I prescribe to the idea that our learning is never done. Truth is, I love to be a participant at a workshop as much as I enjoy teaching. Every year I immerse myself in a week-long experience where I become the student again, opening myself up to growth and transformation.

Cultivating fresh ideas and applying them to your life is good for the mind and body and the soul. Not only does it broaden our perspective, but it literally produces new neuro pathways in the brain. Science shows us that our brains have what’s called neuroplasticity for our whole lives, and, what’s really cool about that is that science now shows that our brains rewire at any age. (Turns out, you can teach an old dog new tricks!)

I just got home from The Esalen Institute in Big Sur where I attended a course on mindfulness, offered by my good friend Dr. Shauna Shapiro. Nestled on the cliffs, high above the ocean, Esalen proved to be a nurturing place of retreat. Seated on the floor amidst other participants, listening intently with a total blank slate in my head, I like to be a sponge without expectation when I learn. What amazes me is that it’s never too late to hit refresh on your internal data page and bring renewal into your life by being inspired to grow.

The nuggets of wisdom I soaked up from Shauna were prolific, and they tie so beautifully in this idea of what’s new and fresh—so perfect for Spring as the wild poppies bloom over the California Coastline.

You see, mindfulness as a topic is common for me; it’s one of my sweet spots. But learning about the practice from a new voice, in a new setting, with a new openness in my heart was powerfully informative, and I consider Shauna the fresh face of Mindfulness.

Did you know that in Japanese, “mindfulness” means “heartfulness?” And in fact, “mindfulness” simply means “to see clearly.”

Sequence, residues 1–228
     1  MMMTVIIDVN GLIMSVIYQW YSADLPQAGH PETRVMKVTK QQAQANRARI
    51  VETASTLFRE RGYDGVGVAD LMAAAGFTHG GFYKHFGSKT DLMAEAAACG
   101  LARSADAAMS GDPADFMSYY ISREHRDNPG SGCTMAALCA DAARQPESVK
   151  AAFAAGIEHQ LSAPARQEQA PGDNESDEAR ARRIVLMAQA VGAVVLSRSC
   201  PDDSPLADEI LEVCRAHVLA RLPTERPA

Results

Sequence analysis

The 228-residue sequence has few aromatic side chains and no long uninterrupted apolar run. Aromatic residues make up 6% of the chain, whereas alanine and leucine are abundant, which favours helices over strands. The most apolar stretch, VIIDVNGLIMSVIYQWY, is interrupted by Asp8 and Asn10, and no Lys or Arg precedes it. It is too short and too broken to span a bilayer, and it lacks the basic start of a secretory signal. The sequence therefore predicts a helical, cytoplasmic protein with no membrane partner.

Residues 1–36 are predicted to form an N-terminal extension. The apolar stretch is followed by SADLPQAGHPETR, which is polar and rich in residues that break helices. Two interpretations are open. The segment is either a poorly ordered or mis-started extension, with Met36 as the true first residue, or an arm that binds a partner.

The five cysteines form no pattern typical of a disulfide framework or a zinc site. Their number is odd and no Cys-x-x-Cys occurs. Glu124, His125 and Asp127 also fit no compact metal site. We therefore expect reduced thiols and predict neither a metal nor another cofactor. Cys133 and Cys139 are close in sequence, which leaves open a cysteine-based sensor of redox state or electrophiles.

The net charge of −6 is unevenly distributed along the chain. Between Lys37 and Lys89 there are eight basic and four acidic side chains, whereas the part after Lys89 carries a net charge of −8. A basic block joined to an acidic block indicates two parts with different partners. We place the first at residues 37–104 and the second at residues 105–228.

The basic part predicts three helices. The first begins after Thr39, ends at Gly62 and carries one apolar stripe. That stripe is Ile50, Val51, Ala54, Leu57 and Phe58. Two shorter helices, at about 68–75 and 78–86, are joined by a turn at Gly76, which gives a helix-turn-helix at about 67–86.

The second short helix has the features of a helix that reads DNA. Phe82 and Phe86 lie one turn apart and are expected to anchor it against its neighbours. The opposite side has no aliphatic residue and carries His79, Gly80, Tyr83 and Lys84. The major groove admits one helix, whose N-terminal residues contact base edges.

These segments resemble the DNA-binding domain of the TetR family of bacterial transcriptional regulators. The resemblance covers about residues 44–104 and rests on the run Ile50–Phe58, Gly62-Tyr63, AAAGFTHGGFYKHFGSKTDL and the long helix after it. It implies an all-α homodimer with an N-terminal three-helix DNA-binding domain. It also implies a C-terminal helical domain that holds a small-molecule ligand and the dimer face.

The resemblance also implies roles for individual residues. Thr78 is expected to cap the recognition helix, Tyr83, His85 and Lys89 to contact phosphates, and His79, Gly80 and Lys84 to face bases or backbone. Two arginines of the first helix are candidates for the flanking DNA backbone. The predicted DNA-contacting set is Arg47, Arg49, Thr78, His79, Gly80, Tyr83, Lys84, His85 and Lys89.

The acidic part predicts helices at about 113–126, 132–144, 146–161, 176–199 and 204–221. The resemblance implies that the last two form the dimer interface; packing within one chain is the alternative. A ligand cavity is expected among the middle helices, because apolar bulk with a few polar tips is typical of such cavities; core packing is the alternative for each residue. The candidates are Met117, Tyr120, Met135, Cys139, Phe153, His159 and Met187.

So what if this “seeing clearly”—this mindfulness—could be a way of life?

As you see clearly and live with the intention of bringing kindness and curiosity to all that you have within your field of attention—meaning every situation you encounter—what you practice grows stronger.

Mindfulness is all about practice.

And really, life is like a sport. You have to practice it the way you wish to live it. Paying attention is about being present—and intention is taking a stand for yourself to live life with focus and deep engagement in the present moment. In this marriage of attention and intention lies the beauty of learning new things. When we set our eyes on new things, the mind is required to focus. No more monkey mind, no more living on “autopilot” sleep walking through our days.

And with this intentional “seeing clearly” comes compassion for ourselves and others. I have learned many ways to practice spreading loving-kindness to all corners of the planet, and it starts with how I posture my heart.

Mindfulness as a way of life brings with it peace and contentment. It’s with an eye on that same goal that Richard and I have written all of our books.

As I sat and listened to Shauna’s talk, and practiced her loving kindness meditations, I realized that the principles of happiness that Richard and I have been teaching all these years train people in living mindfully and with a vibrancy that produces inner peace and calm. And now, decades after his first book was published, science proves it’s all true. It still amazes me what a pioneer he was in the field of psychology sometimes.

The practice of meditation, much like learning, primes you to place your attention on the present moment, where you can awaken a childlike curiosity. What could be better than that?

I am always a student, and I encourage you to be too, my friend. For I am convinced that the practice of learning goes hand in hand with a mindful, compassionate life that inspires growth and meaning. As you train your mind and practice what’s good for your brain, you will open yourself to living with a feeling that is more awake—that brings vibrancy even to the small, daily ordinary things that become quite extraordinary as you live your most vibrant life with the intention of mindfulness.